Riyadh, Asharq Al-Awsat- One cannot read a book or research paper dealing with Islamic Banking and its operational model – whether it is written by an Arab or Westerner – without hearing Islamic Banking described as a system built upon participation, to the extent that in a country like Turkey for example, Islamic banks are called participation banks.
This should mean that most transactions taking place in Islamic banks should be participation [i.e. contribution] rather than the accumulation of debt. But the reality is quite the reverse and the majority of Islamic banking operations – whether by Islamic banks or Islamic windows in conventional banks – are predominately transactions that create debt once they have been concluded, especially all forms of Murabaha, such as sale-on-credit, [paying by] instalment, and tawwaruq. Murabaha transactions constitute around 70 – 80 percent of Islamic Banking operations, and so Islamic Banking has become a system of debt accumulation rather one of contribution. Perhaps the reason for this is the simplicity of Murabaha transactions, and its limited credit risk, along with its similarity to taking out a loan from a conventional bank, all of this has made it an accepted practice amongst those working in the [Islamic] banking sector. However the dominance of Murabaha transactions over Islamic banking assets in particular, poses a number of dangers to Islamic banks including;
– Reduces the ability of these banks to manage their liquidity efficiently, as they are unable to convert non-negotiable non-liquid assets to liquid negotiable assets when needed, such as via securitization [structured finance process of pooling and re-packaging financial assets into securities which will then be sold onto investors]. This is because the selling of debt is forbidden under Islamic Shariaa Law, except under strict conditions which make this extremely difficult, if not impossible.
– Increases the financial burdens on Islamic banks in comparison to conventional banks in terms of providing sufficient capital as stated by the Basel II Accord. This is because the predominance of debt in comparison to [liquid] assets in Islamic banks limits their ability to securitize these assets, which in turn limits their ability to grant funding in contrast to conventional banks that are able to securitize their assets from loans.
– Limits the ability of Islamic banks to manage risk. The predominance of debt in comparison to assets makes it extremely hard for these banks to pool this risk via securitization. Therefore the risk to Islamic banks is greater than that faced by conventional banks who are able to pool this risk via securitization. Here we see that what as a blessing in the beginning – as we mentioned above among the reasons for the prevalence of Murabaha transactions in Islamic banking is its limited risk – has become a curse for [Islamic] banks at an institutional level.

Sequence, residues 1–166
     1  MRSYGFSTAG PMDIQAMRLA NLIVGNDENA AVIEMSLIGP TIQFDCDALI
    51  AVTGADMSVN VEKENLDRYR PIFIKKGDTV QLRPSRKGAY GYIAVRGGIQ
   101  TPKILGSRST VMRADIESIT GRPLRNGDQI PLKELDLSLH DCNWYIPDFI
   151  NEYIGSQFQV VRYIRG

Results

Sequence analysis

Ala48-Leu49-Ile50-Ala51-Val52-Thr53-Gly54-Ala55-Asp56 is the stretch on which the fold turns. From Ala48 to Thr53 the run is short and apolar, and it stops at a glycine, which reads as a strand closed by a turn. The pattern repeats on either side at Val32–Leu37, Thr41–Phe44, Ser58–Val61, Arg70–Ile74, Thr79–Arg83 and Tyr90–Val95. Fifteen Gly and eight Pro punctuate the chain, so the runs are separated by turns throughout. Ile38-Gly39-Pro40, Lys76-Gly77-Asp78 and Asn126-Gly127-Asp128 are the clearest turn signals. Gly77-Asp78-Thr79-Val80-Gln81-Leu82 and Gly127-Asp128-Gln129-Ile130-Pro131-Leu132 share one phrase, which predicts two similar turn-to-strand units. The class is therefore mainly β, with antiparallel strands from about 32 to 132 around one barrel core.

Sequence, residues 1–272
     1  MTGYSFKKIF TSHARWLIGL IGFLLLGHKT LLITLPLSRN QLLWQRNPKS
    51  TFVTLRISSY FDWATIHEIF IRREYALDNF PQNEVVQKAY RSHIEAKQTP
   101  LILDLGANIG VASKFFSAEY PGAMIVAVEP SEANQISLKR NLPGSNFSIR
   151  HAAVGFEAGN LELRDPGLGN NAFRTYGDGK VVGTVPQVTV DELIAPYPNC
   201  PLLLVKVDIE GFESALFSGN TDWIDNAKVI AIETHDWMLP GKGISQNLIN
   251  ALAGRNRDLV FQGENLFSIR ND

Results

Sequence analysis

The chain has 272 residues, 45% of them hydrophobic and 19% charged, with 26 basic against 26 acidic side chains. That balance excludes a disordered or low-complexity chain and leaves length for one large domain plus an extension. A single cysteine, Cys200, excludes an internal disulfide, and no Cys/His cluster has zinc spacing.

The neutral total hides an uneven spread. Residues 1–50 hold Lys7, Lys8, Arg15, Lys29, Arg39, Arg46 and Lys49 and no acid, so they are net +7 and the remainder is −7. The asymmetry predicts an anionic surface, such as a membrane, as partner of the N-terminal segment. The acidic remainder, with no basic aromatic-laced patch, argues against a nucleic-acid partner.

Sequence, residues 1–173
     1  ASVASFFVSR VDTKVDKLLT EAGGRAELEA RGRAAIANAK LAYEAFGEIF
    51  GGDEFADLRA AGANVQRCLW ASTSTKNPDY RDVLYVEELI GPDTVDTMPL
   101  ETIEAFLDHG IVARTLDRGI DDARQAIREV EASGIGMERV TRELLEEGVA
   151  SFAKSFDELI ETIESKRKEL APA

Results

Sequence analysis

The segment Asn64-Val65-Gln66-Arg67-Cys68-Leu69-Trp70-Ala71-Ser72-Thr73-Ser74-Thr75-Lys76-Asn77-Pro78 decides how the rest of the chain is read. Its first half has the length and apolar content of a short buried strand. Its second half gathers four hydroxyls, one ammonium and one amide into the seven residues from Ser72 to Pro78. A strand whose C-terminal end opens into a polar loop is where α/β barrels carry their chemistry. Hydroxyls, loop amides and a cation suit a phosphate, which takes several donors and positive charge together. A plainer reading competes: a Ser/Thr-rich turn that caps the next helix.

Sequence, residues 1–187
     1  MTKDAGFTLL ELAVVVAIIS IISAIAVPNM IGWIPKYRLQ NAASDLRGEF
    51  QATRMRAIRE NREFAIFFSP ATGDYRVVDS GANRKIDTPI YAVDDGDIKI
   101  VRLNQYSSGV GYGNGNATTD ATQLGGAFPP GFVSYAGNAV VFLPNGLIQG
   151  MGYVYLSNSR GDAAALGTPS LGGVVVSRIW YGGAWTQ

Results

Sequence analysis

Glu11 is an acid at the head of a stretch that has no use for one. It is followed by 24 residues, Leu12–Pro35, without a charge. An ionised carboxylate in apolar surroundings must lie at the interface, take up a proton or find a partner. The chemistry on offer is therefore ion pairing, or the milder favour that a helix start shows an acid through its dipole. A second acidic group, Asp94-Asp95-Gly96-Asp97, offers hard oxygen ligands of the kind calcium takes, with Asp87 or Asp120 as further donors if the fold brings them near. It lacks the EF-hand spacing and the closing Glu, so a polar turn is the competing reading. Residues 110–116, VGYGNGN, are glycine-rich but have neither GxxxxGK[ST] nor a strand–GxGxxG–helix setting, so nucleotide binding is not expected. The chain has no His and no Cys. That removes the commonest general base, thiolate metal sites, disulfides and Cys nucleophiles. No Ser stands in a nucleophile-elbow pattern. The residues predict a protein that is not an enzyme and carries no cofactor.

– The accumulation of debt by Islamic banks limits this industry’s ability to manage market risk resulting from a change in the interest rate, as well as limiting the management of credit risk in the event of clients defaulting on payment. This is because once debt payment has been agreed upon it is legally prohibited for the original amount of debt to be increased [after payment has been defaulted] as this would be viewed as an act of usury which is forbidden under Islamic Shariaa Law.
And so Islamic Banking is vulnerable to having its profits eroded, and indeed incurring loses, when interest rates rise, or when bank deposits exceed the Murabaha funding granted to clients, or when the client delays or even defaults on the debt, especially when Islamic deposits are drawn on the basis of short-term Murabaha transactions, rather than speculation.
And so we can see how important it is that debt does not dominate [liquid] assets in Islamic banks, therefore it is up the regulatory bodies to impose limits on financing via Islamic financial services [in this manner], as well as to monitor the extent of the commitment of Islamic banks in fulfilling their obligations. These regulatory bodies should also encourage Islamic banks to diversify their products by contributing to their innovation and development, enacting laws and regulations that are in harmony with the [Islamic Banking] system, and setting up institutional structures that reduce the risk in Islamic Banking.
Here one can cite the experience of the US government when it wanted to encourage banks to broaden their operations in the real estate market. The government established the Freddie Mac [Federal Home Loan Mortgage Corporation; FHLMC] and Fannie Mae [Federal National Mortgage Association; FNMA] institutions. This is a good example of what regulatory bodies can accomplish and one that cannot be repeated. I believe that the experiences of the Freddie Mac and Fannie Mae were unique, although marred by a number of mistakes and errors.